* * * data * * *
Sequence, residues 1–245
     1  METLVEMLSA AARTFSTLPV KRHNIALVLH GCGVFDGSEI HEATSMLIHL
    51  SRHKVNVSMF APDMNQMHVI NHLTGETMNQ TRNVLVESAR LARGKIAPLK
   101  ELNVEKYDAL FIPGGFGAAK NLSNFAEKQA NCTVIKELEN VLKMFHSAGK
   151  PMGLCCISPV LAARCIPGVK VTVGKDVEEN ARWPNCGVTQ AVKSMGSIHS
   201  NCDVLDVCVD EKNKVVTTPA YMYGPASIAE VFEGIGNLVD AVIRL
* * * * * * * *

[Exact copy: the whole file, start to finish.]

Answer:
Sequence, residues 1–245
     1  METLVEMLSA AARTFSTLPV KRHNIALVLH GCGVFDGSEI HEATSMLIHL
    51  SRHKVNVSMF APDMNQMHVI NHLTGETMNQ TRNVLVESAR LARGKIAPLK
   101  ELNVEKYDAL FIPGGFGAAK NLSNFAEKQA NCTVIKELEN VLKMFHSAGK
   151  PMGLCCISPV LAARCIPGVK VTVGKDVEEN ARWPNCGVTQ AVKSMGSIHS
   201  NCDVLDVCVD EKNKVVTTPA YMYGPASIAE VFEGIGNLVD AVIRL